There’s a growing disconnect between Missoula’s leadership and certain critics of an economic development tool known as tax increment financing.
Some residents feel strongly that local government should be doing more to reduce their property tax burden. While there is a lot of support for tapping into other sources of revenue — such as through a gas tax or a sales tax — others would prefer that the city start by cutting its spending. In general, this view is represented on the City Council by a minority coalition of councilors: Jesse Ramos, Sandra Vasecka and John Contos.
For their part, the majority of city councilors find themselves defending their budget decisions, and TIF in particular as a valuable economic tool that pays big public dividends, while also trying to dispel persistent misunderstandings about how it works.
The same arguments seem to flare up every time City Council votes to approve TIF funding for a major development. TIF opponents don’t feel heard. TIF supporters don’t feel understood. And around and around it goes.
TIF is a complicated public finance method used by thousands of communities large and small throughout the United States. It has undeniable benefits, but also some real flaws. There’s a lot of room for misunderstanding and disagreement, and other cities besides Missoula have long grappled with how to address TIF’s various defects, both real and perceived.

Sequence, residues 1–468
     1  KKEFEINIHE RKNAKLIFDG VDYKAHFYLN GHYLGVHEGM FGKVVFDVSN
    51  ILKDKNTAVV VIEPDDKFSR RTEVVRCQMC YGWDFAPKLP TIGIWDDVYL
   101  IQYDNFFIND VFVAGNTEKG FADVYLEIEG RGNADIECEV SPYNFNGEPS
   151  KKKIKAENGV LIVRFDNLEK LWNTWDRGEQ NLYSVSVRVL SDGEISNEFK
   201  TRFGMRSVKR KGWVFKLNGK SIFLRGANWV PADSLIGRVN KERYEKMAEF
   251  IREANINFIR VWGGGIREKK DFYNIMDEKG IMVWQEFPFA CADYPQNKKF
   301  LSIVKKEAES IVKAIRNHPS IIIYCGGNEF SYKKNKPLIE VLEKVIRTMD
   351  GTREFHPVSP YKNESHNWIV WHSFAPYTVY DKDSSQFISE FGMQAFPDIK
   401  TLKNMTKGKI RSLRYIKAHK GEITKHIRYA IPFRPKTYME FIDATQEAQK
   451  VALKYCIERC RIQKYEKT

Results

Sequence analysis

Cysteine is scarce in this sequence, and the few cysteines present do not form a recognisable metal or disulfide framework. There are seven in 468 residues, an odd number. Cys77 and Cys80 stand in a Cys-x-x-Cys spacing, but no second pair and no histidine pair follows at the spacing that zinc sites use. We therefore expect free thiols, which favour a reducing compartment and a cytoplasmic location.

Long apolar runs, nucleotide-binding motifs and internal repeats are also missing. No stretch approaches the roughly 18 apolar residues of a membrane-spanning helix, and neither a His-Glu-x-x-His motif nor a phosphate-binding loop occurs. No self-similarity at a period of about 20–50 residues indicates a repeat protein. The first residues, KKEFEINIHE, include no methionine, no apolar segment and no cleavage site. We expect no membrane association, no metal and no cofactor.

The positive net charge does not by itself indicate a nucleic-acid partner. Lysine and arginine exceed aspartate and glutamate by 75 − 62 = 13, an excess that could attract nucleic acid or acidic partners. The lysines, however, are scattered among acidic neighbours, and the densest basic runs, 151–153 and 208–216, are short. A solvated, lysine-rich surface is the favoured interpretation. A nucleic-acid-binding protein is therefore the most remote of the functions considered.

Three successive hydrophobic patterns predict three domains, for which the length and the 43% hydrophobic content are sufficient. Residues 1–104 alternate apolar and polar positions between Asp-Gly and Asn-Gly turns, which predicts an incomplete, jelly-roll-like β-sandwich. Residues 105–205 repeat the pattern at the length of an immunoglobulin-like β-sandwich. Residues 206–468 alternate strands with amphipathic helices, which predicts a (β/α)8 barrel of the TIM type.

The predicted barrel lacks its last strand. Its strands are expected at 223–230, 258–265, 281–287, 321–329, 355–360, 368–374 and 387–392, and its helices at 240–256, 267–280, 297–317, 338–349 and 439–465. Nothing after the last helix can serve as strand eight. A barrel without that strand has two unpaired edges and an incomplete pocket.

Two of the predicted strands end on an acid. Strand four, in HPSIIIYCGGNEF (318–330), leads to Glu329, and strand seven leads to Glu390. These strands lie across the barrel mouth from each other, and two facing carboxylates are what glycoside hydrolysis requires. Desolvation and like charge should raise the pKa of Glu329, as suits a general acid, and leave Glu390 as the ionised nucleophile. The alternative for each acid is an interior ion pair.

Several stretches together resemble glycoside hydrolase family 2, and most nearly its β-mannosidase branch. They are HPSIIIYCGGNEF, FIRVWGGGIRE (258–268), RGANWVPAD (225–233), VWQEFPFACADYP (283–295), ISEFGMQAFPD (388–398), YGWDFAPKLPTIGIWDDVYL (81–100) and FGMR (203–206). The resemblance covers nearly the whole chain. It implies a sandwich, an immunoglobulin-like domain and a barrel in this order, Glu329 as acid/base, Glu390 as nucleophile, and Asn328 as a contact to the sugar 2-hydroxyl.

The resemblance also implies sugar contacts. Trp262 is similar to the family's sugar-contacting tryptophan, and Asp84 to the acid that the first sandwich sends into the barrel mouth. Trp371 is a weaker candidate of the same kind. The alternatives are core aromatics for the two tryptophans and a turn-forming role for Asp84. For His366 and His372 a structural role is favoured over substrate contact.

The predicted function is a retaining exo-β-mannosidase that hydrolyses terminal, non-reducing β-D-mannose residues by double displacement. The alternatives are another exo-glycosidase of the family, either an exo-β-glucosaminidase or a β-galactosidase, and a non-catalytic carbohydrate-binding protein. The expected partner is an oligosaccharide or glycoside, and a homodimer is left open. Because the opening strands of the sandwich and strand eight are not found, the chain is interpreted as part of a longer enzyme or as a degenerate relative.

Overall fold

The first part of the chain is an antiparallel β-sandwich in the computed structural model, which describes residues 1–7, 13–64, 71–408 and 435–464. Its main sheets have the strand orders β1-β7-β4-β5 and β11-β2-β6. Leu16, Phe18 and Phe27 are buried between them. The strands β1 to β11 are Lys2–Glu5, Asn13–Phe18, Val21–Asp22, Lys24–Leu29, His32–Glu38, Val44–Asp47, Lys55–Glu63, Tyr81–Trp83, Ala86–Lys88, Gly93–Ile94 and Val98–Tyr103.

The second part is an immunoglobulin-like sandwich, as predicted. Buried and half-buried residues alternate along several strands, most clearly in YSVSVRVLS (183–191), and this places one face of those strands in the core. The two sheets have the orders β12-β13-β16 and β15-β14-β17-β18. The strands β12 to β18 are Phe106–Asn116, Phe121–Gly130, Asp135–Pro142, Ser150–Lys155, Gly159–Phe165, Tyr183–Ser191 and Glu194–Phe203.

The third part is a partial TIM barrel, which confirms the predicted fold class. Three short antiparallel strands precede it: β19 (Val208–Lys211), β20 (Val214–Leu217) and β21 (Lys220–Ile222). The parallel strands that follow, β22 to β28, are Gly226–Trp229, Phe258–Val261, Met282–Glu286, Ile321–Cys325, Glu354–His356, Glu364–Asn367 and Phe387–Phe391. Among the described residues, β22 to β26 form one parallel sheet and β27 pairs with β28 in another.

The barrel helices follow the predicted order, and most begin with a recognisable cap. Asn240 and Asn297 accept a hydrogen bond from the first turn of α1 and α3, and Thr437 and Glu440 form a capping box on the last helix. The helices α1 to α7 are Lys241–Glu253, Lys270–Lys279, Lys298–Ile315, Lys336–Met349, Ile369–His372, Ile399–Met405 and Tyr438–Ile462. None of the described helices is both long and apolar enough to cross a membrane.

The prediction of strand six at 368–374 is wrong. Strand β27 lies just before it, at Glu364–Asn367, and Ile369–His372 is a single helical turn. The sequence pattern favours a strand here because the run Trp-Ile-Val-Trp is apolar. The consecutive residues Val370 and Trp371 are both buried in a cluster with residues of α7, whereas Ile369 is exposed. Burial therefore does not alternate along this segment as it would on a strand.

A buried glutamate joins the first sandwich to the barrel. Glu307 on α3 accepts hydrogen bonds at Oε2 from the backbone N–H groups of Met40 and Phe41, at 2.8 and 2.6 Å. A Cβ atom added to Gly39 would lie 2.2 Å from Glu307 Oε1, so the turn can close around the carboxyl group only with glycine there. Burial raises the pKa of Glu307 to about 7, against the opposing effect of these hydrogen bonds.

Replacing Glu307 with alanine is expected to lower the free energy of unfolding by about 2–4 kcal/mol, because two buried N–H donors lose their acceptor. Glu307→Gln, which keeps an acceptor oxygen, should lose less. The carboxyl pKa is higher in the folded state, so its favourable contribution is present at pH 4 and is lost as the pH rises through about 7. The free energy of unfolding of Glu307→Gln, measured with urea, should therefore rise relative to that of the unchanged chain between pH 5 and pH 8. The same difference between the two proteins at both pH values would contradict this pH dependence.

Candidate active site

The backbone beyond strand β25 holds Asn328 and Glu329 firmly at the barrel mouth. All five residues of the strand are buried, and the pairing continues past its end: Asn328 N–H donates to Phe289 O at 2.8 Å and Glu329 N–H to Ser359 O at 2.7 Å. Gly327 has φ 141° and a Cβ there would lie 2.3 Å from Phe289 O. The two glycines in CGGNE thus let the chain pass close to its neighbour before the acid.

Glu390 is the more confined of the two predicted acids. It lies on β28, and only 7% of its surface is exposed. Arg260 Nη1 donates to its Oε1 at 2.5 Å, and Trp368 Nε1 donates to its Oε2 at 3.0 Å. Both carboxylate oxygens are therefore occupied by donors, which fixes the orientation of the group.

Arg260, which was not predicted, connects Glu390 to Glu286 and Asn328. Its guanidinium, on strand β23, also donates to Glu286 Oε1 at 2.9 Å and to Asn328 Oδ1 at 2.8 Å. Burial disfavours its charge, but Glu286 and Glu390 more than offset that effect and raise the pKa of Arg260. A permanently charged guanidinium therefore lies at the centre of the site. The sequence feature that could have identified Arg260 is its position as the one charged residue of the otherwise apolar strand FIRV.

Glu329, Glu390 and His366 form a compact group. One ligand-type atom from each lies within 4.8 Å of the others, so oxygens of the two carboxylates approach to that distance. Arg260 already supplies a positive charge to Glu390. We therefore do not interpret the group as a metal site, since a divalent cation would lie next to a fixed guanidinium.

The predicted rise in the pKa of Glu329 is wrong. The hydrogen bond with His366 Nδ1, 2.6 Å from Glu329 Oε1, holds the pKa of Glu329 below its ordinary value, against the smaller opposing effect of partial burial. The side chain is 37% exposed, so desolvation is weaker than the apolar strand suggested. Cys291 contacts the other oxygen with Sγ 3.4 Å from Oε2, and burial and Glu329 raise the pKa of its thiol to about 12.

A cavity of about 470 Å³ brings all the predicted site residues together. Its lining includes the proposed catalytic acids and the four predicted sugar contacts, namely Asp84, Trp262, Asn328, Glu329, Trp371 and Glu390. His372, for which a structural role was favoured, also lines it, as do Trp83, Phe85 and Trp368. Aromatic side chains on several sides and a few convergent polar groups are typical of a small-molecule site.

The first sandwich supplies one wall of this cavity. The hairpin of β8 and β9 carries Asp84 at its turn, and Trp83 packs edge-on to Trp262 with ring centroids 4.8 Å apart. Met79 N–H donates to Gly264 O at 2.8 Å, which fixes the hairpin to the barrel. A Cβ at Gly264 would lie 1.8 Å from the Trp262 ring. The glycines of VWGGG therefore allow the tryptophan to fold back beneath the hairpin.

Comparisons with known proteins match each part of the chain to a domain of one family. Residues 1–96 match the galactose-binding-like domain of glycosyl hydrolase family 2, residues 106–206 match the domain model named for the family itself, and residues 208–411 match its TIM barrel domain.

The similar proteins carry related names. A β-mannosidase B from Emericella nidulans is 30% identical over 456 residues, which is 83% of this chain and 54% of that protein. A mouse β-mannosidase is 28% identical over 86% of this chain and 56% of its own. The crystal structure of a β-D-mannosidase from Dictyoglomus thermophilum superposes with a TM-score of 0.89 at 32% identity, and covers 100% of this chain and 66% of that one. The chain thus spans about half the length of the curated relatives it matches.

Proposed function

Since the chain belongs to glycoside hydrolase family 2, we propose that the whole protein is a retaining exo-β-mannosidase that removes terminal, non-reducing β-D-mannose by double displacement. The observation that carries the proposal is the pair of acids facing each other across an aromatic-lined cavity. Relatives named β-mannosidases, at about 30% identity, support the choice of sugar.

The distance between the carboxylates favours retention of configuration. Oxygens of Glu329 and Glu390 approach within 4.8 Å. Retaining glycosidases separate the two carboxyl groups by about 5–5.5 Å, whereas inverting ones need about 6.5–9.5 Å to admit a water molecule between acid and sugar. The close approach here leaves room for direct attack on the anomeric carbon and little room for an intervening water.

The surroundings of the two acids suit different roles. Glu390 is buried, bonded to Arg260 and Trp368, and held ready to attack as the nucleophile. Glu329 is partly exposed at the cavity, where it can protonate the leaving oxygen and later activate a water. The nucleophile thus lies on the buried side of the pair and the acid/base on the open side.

But in Missoula, a long-simmering conflict went completely off the rails recently after one vocal city critic was jailed for making death threats in a video posted on YouTube this past December. The man, Brandon Bryant, is a U.S. Air Force veteran with a cadre of supporters working to free him — and worried that his arrest has a chilling effect on other critics of city leadership. Yet some members of City Council have themselves advocated on Bryant’s behalf, even as they acknowledge that threats of violence are inexcusable.
City Council’s next steps should be to form a united front and reassure the public, especially those with bones to pick, that councilors welcome civil criticism about TIF or any other municipal business. Then, they must join with the city’s administrative and economic leaders to get this discussion back on track. Public support for TIF will be key to making improvements that promise to mitigate concerns on both sides.
A 2018 report titled “Improving Tax Increment Financing (TIF) for Economic Development” provides an instructive overview of TIF programs from Chicago to California, and even includes a case study in Montana’s Jefferson County. The report, by David Merriman for the Lincoln Institute of Land Policy in Cambridge, Massachusetts, examines the potential benefits and pitfalls of TIF, and concludes with a short list of recommendations.
Not all of these recommendations are applicable or desirable for Missoula. Our TIF policy is crafted to address the unique needs of our community, but is also limited by a framework outlined in state law.